Taking thyme

April 24, 2005|by Dorry Baird Norris

This spring, spurred on by last year's heavy rains, the perennial weeds - self-heal, gill-over-the-ground and chickweed - have emerged with great vigor. As I attacked them this week, I had to admit, that although weeding isn't my favorite pastime, it does give one time to think.

Some people sit and meditate, others pull weeds and ponder. What are those tiny seedlings under the lavender? Why is it that the Rosa rugosa alba pops up all over the garden yet when I try to separate the shoots from the mother plant they invariably die? Why do rabbits nibble on tulips but not on daffodils? How did thyme become a symbol of courage?

Since the roses and rabbits aren't on speaking terms with me, I settled on searching out the answer about thyme and courage.

The various dictionaries of Latin plant names present several derivations. None compares in clarity to that of Art Tucker and Tom DeBaggio in "The Big Book of Herbs." They say that the generic name Thymus was "derived from one of three ancient Greek root words: thumus, soul or spirit; thymon, fumigate; and/or from the Greek thumon, mind."


No courage mentioned here, but elsewhere it was noted that in ancient and medieval times thyme was thought to be a source of "invigoration." Perhaps being invigorated was construed as courageous.

Page through any book of flower-speak and they declaim as one: thyme symbolizes courage, bravery, activity and strength. I've often wondered if the activity that thyme is credited with comes from the swarms of buzzing bees that hover about collecting nectar from the blossoms to create a heavenly honey.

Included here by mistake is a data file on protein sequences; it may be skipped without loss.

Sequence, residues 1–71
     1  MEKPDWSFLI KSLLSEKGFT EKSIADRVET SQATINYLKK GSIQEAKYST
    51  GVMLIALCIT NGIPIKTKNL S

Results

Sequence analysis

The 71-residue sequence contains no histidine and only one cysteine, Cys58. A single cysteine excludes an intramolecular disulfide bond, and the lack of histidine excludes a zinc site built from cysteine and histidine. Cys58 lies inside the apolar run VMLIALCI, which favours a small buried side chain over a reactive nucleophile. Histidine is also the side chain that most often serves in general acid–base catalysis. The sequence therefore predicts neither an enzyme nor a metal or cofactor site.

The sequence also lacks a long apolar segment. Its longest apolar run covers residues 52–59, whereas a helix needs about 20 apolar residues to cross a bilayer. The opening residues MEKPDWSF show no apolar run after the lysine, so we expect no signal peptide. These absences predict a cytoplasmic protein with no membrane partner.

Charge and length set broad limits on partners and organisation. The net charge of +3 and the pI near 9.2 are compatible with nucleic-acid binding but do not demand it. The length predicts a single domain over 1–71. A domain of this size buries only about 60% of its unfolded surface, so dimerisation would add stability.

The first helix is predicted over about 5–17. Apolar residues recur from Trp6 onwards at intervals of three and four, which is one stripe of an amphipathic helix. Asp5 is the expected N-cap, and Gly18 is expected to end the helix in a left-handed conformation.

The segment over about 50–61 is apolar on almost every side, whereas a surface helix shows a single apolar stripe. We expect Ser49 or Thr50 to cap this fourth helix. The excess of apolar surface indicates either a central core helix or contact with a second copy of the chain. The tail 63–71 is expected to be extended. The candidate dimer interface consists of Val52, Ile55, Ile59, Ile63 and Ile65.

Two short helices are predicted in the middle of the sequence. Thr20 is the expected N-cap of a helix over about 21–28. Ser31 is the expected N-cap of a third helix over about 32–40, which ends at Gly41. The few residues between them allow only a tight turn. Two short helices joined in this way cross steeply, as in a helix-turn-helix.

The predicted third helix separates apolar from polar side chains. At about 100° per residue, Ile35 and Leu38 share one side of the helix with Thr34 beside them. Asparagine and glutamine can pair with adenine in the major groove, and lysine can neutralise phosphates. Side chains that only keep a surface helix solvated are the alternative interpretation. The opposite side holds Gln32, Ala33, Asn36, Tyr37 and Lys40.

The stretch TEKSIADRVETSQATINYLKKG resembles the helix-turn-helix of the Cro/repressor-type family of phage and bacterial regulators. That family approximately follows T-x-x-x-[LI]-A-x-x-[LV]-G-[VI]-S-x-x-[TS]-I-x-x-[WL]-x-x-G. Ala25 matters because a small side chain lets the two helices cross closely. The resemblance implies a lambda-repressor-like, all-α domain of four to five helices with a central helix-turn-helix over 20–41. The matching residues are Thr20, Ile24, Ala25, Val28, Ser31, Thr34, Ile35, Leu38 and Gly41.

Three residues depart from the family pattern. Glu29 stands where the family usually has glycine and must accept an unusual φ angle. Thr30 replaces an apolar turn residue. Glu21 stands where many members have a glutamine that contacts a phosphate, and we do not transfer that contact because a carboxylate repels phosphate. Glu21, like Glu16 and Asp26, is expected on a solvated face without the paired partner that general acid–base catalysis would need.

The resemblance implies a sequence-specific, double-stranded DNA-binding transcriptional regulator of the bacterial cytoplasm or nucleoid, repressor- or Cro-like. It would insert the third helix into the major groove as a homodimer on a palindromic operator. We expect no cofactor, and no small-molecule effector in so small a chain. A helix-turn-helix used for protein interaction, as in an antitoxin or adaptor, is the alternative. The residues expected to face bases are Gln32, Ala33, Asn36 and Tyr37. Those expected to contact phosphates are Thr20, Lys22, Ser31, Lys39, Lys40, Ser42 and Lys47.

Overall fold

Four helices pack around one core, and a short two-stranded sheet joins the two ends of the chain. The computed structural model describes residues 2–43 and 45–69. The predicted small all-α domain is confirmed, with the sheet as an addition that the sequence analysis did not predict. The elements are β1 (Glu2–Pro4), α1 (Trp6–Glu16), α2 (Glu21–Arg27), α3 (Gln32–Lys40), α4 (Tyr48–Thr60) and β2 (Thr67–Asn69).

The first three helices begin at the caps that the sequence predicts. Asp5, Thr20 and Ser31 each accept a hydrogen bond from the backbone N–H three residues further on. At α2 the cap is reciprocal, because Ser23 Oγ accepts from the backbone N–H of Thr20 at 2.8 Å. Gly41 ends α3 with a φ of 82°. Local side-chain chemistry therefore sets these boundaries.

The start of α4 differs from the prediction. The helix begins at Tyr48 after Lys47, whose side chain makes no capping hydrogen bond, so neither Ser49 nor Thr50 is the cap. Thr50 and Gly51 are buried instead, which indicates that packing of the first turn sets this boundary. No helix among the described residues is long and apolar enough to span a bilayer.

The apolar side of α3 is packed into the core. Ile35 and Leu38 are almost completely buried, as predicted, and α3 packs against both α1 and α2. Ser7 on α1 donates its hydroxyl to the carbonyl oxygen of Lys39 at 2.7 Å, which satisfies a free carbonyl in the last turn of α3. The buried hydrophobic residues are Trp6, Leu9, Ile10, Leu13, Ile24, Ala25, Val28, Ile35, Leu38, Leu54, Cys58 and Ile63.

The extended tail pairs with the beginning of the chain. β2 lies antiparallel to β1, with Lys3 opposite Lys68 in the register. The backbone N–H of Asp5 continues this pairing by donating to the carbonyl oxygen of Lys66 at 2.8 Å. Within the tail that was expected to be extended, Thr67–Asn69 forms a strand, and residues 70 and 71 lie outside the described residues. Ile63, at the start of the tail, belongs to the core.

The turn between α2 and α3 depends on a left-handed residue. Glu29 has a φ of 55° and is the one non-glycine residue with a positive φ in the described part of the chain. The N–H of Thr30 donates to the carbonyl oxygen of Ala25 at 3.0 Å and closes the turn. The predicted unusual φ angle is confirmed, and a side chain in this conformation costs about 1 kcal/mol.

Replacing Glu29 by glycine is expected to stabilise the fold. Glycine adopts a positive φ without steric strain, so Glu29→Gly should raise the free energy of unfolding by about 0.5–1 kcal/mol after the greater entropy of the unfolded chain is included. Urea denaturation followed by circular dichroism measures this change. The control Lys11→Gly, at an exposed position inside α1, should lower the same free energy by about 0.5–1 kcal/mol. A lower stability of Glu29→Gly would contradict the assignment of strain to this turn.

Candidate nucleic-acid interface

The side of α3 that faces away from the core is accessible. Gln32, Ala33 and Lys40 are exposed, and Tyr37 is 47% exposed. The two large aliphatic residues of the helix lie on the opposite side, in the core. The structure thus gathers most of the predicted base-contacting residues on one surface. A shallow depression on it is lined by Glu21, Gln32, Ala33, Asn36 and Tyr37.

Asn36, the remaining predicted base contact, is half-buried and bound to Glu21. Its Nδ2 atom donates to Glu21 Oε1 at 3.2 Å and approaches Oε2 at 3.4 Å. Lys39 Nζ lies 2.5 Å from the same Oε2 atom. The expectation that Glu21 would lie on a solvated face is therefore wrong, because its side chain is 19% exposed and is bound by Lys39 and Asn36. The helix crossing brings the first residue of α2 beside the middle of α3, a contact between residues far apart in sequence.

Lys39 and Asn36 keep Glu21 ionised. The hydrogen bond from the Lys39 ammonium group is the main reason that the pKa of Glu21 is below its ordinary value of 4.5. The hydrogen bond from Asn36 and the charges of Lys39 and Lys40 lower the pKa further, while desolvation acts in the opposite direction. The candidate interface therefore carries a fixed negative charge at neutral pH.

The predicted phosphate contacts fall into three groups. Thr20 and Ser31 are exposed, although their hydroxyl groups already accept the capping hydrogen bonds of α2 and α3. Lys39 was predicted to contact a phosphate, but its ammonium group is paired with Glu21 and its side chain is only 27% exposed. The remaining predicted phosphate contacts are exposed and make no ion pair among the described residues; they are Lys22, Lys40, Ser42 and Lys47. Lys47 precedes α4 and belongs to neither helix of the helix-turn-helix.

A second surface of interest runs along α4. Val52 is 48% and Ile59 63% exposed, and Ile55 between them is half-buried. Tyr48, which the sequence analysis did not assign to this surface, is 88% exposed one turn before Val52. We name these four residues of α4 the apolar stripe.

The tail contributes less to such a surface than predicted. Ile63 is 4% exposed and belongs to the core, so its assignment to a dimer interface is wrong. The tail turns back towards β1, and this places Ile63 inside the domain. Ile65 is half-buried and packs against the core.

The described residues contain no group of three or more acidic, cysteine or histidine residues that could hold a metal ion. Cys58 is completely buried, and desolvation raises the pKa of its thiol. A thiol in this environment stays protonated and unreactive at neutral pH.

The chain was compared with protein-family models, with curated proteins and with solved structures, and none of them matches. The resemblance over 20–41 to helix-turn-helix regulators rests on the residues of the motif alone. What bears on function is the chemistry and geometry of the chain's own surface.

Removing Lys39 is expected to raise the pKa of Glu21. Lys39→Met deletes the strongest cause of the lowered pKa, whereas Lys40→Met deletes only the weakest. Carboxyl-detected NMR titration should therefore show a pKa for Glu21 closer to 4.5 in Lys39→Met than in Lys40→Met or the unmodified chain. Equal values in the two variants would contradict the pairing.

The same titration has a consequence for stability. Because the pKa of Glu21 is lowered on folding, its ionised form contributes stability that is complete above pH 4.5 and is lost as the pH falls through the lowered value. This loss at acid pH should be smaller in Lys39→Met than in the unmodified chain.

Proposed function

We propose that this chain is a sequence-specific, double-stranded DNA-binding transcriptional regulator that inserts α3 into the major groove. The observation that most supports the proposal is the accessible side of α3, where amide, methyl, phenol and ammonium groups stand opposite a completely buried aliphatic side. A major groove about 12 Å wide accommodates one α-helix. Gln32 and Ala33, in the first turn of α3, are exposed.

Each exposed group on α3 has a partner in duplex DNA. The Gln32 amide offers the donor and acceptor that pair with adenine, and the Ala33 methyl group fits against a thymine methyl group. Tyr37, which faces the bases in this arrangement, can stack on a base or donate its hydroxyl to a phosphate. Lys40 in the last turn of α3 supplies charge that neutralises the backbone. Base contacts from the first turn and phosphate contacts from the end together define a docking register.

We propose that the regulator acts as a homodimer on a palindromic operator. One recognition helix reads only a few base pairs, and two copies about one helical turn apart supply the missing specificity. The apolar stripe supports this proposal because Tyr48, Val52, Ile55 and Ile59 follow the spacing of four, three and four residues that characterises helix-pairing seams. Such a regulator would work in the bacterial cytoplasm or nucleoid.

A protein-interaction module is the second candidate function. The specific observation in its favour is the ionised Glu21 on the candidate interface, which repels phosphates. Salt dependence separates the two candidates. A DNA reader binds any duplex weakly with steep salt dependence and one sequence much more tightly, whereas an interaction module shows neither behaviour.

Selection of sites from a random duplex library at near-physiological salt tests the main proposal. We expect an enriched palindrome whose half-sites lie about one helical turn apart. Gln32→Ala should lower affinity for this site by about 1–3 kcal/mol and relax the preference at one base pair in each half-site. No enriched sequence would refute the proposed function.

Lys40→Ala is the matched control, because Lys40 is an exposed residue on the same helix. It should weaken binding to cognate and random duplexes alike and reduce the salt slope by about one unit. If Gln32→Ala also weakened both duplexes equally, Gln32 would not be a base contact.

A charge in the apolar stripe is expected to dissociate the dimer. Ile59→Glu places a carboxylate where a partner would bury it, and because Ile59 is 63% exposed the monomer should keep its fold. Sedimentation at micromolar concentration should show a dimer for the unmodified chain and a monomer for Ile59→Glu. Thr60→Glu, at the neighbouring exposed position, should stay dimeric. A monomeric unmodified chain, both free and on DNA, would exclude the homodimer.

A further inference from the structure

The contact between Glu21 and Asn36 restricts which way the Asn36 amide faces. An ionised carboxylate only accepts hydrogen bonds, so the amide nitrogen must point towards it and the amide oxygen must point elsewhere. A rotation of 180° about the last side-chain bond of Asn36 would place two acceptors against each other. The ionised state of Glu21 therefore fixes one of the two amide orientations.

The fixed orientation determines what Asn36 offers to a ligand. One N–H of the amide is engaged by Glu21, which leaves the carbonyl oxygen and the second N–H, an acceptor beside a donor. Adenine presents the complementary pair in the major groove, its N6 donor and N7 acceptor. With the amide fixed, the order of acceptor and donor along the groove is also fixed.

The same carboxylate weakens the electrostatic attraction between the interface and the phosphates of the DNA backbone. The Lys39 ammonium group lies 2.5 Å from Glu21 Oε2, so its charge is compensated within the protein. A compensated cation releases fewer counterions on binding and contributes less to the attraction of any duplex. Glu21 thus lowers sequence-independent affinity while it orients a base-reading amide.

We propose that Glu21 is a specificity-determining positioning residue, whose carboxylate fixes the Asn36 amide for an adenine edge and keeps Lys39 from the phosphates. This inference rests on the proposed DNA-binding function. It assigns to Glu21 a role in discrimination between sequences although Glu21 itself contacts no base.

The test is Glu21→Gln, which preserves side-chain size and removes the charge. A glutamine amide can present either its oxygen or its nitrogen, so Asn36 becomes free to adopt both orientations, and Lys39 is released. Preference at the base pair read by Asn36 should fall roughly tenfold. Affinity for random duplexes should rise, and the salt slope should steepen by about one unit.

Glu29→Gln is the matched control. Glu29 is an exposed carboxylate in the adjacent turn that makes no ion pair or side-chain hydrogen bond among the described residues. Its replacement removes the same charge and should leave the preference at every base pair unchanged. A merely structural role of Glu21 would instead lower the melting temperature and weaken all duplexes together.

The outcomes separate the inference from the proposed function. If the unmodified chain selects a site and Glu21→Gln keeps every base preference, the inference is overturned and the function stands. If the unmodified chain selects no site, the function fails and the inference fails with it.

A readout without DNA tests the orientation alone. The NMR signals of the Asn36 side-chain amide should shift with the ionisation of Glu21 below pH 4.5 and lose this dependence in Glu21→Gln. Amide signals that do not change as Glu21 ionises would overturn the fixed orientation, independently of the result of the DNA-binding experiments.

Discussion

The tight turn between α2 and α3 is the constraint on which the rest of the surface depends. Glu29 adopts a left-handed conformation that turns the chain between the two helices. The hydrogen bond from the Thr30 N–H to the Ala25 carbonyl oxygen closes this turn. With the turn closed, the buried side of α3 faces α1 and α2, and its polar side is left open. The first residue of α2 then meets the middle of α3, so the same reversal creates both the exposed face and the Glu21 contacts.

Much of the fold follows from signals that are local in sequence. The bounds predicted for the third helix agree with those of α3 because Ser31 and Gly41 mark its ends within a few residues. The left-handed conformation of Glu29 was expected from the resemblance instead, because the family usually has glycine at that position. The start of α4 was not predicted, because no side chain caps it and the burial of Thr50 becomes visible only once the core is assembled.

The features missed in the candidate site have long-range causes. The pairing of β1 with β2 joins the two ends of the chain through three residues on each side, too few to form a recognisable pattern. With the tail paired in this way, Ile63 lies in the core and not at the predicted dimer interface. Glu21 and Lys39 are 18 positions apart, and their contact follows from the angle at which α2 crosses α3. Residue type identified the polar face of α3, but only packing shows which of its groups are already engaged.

In the Middle Ages, ladies sent their knights off to battle with a keepsake embroidered with a sprig of thyme. Beyond giving him a token to sustain his courage she may also have had an ulterior motive. Since a sprig of thyme worn in the hair was thought to make women irresistible to men, perhaps the ladies hoped it would make their lords remember their women left at home.

Long ago a magical bath of marjoram and thyme was enjoyed in the spring to ensure that all the sorrows and ills were removed from the bather. In those dark days, when bathing was not a regular experience, a bath of sweet-smelling herbs surely perked up the psyche and made one more pleasant to be around. Then, all sparkly clean, they would tuck a sprig of thyme under the pillow to assure a restful night's sleep (unless the scent of thyme proved irresistible to their husbands.)

When it comes to growing thyme in your garden, you have lots of choices. The genus Thymus includes about 350 species with many variations in appearance and scent within a single species.

When picking out your plants, don't rely only on labels, for two plants labeled with the same name may have slightly different characteristics, especially if they have been grown from seed. To be on the safe side, smell and taste a leaf and then decide which pleases you the most.

Common thyme (Thymus vulgaris) is one of the most popular varieties for cooking. It is generally 6 to 10 inches tall and blooms in July and August.

As far as I'm concerned, no herb garden is complete without at least one lemon thyme (Thymus x citriodorus). The pale lilac flowers appear in late spring and sprigs can be harvested anytime. You haven't lived until you've tasted roasted chicken stuffed with lemon thyme.

Once those two varieties are in hand, explore the other thymes that the nursery has in stock. Elfin, Doone Valley, Mayfair, Silver and Wooly are worth a look. If you are tempted by the variegated thymes, keep in mind that they often revert to their original green color.

Thymes like loose, well-drained alkaline soil. Thyme thrives and experiences less winter-kill when planted among stones.

Each spring, thyme looks really tatty. Cut out the dead stems. To make more plants, choose several of the longest stems that are leafing out and make a tiny cut on the stem halfway between where it come out of the ground and the green tip. Lay the stem flat on the ground, cover with soil and lay a stone or brick over the dirt to keep it in place. Soon, new roots will form and the new clone can be cut away from the mother plant.

These days we all need a generous dose of courage, so plant lots of thyme!

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